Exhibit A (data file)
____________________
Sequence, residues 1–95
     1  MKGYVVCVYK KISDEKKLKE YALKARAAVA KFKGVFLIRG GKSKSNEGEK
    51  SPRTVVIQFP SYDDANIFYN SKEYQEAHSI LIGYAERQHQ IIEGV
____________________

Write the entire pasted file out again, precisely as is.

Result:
Sequence, residues 1–95
     1  MKGYVVCVYK KISDEKKLKE YALKARAAVA KFKGVFLIRG GKSKSNEGEK
    51  SPRTVVIQFP SYDDANIFYN SKEYQEAHSI LIGYAERQHQ IIEGV